rancho mirage observatory

Best Way to See the Stars (Without a Fuss)

We recommend the best place to pitch your tent under the stars in the desert, and where is the best place to view bighorn sheep.

Steven Biller Attractions, Best Of, Current PSL

rancho mirage observatory

Do your desert star gazing at the Rancho Mirage Library and Observatory.

Astronomers and astrologers love the wide-open desert for its dark night skies, but you need not drive deep into the Mojave or spend thousands of dollars on gear to explore the cosmos. The Rancho Mirage Library & Observatory offers five free-to-the-public, astronomer-led stargazing parties every month.

The state-of-the-art observatory unfolds as a two-dome structure, one containing a 27.5-inch, research-grade PlaneWave CDK700 telescope, with an outdoor viewing deck with four telescope pads. The metallic dome over the CDK700 revolves and retracts with the touch of a button, revealing the portion of the night sky where resident astronomer Eric McLaughlin trains the telescope.

In addition to running the controls, McLaughlin eagerly and adeptly explains everything from the technology at his fingertips to the far-out views that appear through the telescopes. A teaching and learning facility, the observatory is open daily for tours and even lends portable, user-friendly telescopes to patrons through its Library Telescope Program.

Heads up: The monthly stargazing parties limit capacity to 40 participants and book up quickly. Visit ranchomiragelibrary.org for dates.

Best Camping Spot

First, unless you’re in a four-wheel-drive vehicle, you’ll need to eyeball a spot to pull off Box Canyon Road where the sand is well packed, or at least not too deep. You’ll already be driving slowly, because the views here are absolutely stunning and you won’t want to rush.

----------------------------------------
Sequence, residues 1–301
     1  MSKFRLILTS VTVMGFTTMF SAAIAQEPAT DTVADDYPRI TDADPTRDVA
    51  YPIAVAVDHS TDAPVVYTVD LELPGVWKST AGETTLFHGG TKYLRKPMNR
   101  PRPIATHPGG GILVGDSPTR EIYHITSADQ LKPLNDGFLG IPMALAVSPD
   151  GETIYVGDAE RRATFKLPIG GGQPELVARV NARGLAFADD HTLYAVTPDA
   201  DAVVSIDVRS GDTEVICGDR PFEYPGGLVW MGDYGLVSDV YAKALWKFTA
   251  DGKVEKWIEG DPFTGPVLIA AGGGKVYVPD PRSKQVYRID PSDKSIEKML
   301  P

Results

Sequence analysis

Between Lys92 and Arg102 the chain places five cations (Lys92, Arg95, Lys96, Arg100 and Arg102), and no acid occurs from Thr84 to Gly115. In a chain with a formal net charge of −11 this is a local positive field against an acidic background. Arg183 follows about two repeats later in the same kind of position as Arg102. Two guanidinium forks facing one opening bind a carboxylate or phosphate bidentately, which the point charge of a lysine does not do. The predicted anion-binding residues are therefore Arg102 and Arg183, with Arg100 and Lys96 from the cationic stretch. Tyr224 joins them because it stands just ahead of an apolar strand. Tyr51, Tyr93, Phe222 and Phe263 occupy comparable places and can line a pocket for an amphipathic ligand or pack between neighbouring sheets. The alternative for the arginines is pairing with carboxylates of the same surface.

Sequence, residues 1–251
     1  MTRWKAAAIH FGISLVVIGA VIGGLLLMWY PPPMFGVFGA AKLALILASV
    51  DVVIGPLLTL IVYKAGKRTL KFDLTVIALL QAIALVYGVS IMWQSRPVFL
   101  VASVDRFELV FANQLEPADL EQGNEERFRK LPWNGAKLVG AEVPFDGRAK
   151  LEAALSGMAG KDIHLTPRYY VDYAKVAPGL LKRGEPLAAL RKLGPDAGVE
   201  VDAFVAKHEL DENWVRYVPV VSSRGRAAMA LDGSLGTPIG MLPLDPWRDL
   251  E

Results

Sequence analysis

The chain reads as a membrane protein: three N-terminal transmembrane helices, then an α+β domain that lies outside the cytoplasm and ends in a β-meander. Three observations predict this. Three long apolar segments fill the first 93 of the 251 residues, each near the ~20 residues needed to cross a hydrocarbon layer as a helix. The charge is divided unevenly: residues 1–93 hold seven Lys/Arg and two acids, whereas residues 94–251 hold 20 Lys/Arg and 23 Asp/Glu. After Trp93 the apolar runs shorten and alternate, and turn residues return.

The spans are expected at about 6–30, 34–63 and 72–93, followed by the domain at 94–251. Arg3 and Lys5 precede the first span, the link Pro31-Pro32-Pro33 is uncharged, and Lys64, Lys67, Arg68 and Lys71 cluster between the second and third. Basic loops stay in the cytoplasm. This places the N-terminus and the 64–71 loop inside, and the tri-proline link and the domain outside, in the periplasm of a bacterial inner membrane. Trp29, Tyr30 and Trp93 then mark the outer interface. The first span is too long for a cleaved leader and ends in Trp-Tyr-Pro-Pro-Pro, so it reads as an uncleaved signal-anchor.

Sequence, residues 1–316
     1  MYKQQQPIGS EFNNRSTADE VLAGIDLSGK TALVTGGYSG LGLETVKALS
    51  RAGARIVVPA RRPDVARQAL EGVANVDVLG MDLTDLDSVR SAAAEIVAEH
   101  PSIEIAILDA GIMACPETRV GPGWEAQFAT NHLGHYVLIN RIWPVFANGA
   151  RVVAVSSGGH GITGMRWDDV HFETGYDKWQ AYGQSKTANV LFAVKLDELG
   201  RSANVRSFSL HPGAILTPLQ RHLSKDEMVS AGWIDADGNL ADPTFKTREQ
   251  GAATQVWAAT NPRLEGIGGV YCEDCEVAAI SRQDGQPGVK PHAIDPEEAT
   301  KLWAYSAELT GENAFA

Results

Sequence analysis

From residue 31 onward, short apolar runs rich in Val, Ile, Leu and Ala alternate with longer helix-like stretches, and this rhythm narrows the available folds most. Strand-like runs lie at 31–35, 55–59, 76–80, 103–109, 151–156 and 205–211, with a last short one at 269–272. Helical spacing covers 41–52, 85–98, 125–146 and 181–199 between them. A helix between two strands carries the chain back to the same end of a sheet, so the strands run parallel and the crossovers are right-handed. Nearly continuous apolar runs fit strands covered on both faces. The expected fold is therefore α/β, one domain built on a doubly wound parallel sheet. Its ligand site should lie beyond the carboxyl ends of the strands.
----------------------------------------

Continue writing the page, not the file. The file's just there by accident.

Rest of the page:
Located 15 miles southeast of Indio, Box Canyon is the non-wilderness corridor along the northern border of the Mecca Hills Wilderness, accessed from either Interstate 10 to the northeast or 66th Avenue to the southwest. Once in the canyon, you can pull off the road almost anywhere and find an idyllic spot for RV or tent camping amid the nooks and crannies of the canyon’s steep, rocky walls. The geologic formations, shaped by the shaky San Andreas Fault, are glorious in any light — and campers see the entire spectrum.

Managed by the Bureau of Land Management, the Mecca Hills Wilderness welcomes adventurers to reconnect with nature and indulge in peaceful solitude. There’s great hiking in the area, especially the Ladder Canyon Trail at Big Painted Canyon. (Head clockwise to go up the ladders along the trail.) You can also camp off the graded dirt Painted Canyon Road.

Wherever you pitch your tent or park your RV, make sure you have plenty of water and remember to leave no trace so that other visitors can enjoy this sweet spot for generations to come.


The Living Desert Zoo and Gardens in Palm Desert.

Best Place to See Bighorn Sheep

Hikers love to boast about their bighorn sheep sightings all along the Santa Rosa and San Jacinto Mountains National Monument — from the South Lykken Trail (where I’ve spotted a couple over the years) on the west end of the Coachella Valley to the Boo Hoff Trail to the east. But the one place any casual observer can spend quality time observing these endangered animals is at The Living Desert Zoo and Gardens in Palm Desert.

From a viewing nook, visitors can marvel at the extraordinary strength and agility of the rams and ewes as they use their cloven hooves to gracefully climb up and down the rocky mountain terrain in search of food (desert plants, such as mesquite and catsclaw) and water. In the conservation-focused environment of The Living Desert, the stocky sheep are safe from their greatest threats: predators such as mountain lions, habitat loss, and degradation caused by human activity, including development.

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